New good practice framework for missing adults published

‘The multi-agency response for adults missing from health and care settings – A national framework for England’

Every year there are over 100,000 incidents of adults going missing in the UK. Research suggests that between 60-80% of these missing adults will have a mental health issue and up to 18% are reported missing from hospitals. It is not known exactly how many are reported missing from other care settings.

In July 2018 the All-Party Parliamentary Group for Runaway and Missing Children and Adults carried out an Inquiry into safeguarding missing adults who have mental health issues. Recommendations from the subsequent report included the need for better multi-agency working, with a significant role for the health and social care sectors in the response to missing adults. The report identified that this multi-agency approach could improve all stages of a missing investigation: risk assessments, response at the point of return, ongoing support and prevention.

The APPG commissioned a Task and Finish Group, dedicated to developing a national framework outlining good practice that can be adopted in local areas for the multi-agency response. This Task and Finish Group included members from NHS England, Public Health England, the Care Quality Commission, the College of Policing, the UK Missing Persons Unit, National Police Chiefs Council, the Association of Directors of Adult Social Services, the Local Government Association and the National Network for Safeguarding Adults Board Chairs, amongst others.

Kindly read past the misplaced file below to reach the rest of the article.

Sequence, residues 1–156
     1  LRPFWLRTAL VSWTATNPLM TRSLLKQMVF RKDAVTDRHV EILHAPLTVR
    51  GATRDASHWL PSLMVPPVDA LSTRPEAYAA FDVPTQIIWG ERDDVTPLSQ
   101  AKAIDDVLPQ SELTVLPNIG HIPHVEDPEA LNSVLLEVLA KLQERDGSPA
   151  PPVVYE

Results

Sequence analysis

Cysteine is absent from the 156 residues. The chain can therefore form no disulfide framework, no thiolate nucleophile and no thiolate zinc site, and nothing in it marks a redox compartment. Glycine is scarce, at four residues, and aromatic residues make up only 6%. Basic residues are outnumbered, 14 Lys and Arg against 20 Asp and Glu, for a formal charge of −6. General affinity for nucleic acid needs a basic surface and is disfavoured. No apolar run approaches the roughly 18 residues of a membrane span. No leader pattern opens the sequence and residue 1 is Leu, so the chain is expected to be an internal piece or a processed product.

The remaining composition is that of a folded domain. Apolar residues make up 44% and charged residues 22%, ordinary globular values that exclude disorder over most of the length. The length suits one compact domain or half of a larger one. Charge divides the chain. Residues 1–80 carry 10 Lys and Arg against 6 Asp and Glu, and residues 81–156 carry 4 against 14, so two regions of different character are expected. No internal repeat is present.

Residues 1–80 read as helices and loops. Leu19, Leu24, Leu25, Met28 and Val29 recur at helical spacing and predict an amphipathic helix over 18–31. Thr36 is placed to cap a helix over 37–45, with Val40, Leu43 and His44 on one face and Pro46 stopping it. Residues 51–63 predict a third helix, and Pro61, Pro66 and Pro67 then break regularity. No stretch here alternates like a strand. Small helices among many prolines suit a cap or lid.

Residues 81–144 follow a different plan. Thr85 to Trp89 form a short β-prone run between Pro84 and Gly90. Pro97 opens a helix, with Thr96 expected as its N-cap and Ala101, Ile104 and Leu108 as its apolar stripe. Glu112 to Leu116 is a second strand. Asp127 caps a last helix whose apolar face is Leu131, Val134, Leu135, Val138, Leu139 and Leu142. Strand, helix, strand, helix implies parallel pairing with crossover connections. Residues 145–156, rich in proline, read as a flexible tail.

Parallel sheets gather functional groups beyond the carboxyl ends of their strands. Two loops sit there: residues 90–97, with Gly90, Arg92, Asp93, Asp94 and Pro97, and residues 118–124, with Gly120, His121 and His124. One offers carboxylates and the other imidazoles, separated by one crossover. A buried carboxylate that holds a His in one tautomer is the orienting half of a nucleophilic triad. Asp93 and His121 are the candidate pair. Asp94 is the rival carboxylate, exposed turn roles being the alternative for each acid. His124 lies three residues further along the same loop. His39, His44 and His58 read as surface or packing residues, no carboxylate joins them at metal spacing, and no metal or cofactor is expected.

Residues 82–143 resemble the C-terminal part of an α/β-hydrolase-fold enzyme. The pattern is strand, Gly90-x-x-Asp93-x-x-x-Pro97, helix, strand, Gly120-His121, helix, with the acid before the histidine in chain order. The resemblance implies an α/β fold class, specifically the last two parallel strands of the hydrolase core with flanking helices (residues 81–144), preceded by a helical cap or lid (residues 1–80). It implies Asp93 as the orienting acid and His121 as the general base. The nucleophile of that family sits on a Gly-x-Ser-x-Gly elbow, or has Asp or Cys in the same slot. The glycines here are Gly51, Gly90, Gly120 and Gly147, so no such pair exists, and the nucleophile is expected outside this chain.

There is already excellent work happening in many areas across the country which this framework does not intend to change. However, we are hoping that this guidance will introduce  more consistency, ensuring that all relevant partners are playing their role to ensure that missing adults go missing less often, are safer if they do go, and receive support upon their return.

The framework aims to provide a good practice approach for multi-agency responsibilities at a local level with structures for monitoring the response and addressing any emerging or persistent issues that are contributing to people going missing or increased harm when they do.

We hope that leaders in all relevant agencies will review the framework and consider whether the recommended structures and processes are needed in their area, and if so, how they can be adopted.

People go missing because of a myriad of reasons and no one episode is the same. The only common factor across all missing episodes is that people are at increased risk of harm and may need support. We can only do what is right for missing people by working in a truly multi-agency way. We hope that this framework will be one step towards that goal.

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